Understanding Safe Withdrawal Rate

Since it’s the beginning of a new year, everywhere I see only resolutions, plans, outlooks and so on. This is also that period during which financial media cover lot of investment strategies for 2017. While reading one of such personal finance article, came across a term called Safe Withdrawal Rate (SWR)

What is Safe Withdrawal Rate?

Most of the personal finance literature focus on where to invest and how to build an optimal portfolio. Safe Withdrawal Rate (SWR) is common term used from retirement planning context. Put in simple terms, Safe Withdrawal Rate is nothing but a percentage of your annual investment in retirement portfolio that can be expensed without depleting your investment in real terms ( i.e accounting inflation rates)

This helps in calculating the retirement corpus for you. Since Safe Withdrawal Rate is essentially the margin to beat inflation, it can also be considered as the maximum percentage that you can withdraw for yearly expenses from the retirement corpus.

William Bengen and the 4% rule

As you might have guessed; going by a particular rate always may not be ideal. One may have bad year followed by stellar year with high portfolio returns. Willian Bengen, a financial planner decided to back test this idea across various portfolio compositions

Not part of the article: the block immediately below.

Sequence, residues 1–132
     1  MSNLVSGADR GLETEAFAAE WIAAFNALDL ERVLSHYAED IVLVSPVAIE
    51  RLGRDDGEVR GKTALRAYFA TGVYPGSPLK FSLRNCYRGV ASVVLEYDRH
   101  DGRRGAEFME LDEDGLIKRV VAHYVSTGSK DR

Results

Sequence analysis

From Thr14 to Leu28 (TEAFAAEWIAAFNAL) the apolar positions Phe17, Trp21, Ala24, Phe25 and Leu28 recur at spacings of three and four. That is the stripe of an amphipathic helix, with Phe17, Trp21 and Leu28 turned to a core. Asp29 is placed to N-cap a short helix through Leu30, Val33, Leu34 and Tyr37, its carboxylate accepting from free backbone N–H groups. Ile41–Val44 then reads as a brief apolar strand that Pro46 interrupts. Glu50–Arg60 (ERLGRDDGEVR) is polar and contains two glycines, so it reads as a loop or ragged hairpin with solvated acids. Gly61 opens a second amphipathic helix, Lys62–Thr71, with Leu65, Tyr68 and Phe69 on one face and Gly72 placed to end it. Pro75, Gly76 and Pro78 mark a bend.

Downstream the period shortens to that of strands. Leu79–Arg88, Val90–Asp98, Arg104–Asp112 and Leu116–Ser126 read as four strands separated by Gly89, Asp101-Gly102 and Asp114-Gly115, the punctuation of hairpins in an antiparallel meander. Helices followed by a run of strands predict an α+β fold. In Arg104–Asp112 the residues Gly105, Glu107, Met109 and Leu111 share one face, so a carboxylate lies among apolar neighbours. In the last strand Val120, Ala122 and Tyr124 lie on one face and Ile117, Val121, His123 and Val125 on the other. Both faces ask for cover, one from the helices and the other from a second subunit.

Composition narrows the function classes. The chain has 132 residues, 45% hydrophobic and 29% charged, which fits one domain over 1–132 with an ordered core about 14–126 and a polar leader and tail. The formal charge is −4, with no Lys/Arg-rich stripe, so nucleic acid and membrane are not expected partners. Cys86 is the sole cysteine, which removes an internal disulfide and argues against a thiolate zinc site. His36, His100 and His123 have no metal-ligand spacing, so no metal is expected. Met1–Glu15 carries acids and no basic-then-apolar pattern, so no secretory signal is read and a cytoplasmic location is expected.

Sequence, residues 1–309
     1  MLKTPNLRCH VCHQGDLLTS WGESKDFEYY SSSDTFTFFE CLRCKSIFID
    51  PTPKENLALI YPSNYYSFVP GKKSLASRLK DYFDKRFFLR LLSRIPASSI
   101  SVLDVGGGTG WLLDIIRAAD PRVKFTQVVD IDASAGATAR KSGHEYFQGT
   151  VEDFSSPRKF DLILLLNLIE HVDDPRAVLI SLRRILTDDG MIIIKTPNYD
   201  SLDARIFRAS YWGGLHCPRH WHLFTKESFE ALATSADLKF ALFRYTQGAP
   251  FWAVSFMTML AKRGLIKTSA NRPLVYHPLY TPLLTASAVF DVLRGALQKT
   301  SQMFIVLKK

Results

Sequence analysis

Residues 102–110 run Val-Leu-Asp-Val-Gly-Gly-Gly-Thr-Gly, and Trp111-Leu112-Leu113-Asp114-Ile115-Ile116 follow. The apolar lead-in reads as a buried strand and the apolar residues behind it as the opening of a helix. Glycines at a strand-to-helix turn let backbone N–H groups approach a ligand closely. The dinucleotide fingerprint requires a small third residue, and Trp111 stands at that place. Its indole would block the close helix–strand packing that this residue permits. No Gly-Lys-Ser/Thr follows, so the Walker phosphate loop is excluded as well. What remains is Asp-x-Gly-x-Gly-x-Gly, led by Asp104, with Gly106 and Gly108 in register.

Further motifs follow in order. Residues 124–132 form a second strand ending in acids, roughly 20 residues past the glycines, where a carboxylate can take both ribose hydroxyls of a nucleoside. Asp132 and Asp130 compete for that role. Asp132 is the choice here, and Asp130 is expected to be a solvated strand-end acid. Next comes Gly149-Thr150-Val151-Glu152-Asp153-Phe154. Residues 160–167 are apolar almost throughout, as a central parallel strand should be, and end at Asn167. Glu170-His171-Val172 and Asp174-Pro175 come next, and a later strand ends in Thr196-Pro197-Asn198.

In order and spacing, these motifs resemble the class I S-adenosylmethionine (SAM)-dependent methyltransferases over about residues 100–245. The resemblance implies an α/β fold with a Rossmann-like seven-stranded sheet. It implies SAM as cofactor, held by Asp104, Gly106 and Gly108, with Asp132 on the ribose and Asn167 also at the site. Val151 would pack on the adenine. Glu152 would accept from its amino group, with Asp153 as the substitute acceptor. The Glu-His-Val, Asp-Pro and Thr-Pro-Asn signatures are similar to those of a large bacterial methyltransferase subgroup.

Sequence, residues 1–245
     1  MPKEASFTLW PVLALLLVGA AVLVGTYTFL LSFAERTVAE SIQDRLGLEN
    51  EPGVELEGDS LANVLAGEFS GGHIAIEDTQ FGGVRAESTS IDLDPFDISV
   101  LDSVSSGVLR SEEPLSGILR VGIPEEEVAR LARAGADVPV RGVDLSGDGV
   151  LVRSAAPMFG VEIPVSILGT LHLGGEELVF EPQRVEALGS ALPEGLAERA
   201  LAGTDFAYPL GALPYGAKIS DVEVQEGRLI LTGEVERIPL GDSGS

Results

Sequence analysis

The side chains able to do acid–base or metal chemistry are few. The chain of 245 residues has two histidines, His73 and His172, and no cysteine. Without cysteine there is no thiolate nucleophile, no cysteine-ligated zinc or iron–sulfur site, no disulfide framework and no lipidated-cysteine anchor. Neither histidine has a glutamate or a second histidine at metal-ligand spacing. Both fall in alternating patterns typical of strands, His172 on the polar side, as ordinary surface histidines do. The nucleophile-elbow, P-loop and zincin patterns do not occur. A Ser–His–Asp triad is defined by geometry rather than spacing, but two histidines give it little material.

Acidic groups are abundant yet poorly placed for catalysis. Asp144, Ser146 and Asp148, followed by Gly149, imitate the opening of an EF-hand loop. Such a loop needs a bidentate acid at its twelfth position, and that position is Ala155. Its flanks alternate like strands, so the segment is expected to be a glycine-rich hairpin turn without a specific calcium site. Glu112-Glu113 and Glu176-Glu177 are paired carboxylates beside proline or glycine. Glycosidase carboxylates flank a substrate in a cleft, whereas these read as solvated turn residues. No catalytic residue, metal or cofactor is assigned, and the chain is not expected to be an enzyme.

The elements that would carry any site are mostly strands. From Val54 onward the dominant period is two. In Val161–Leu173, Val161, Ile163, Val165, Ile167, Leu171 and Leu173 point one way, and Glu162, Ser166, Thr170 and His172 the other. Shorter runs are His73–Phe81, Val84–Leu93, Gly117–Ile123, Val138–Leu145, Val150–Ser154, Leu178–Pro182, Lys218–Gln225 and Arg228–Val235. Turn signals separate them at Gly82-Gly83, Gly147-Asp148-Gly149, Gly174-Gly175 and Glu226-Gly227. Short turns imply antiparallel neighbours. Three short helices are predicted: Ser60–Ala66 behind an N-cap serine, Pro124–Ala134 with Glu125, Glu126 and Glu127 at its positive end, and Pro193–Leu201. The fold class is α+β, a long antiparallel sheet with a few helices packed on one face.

Bengen found that with a 50/50 allocation to the US stocks and bonds, at most 4.15% could have withdrawn from their savings at the end of each year; and thus came the popular 4% rule. Here is the complete paper written by Bengen (Determining Withdrawal Rates using Historical Data)

More financial planners and academicians have done various studies and improvements on top of Bengen’s study; most famous being The Trinity Study. Here is a Forbes article on the same.

Here is another study by Peter James Lingane titled Making Money Last.

About Vijay Sankar 42 Articles
A techie turned business professional; presently living in Cochin, India. For bread and butter, exploring the domain of marketing attribution. I hold an Electrical Engineering degree from College of Engineering, Trivandrum and Executive MBA (PGPEM) from Indian Institute of Management Bangalore

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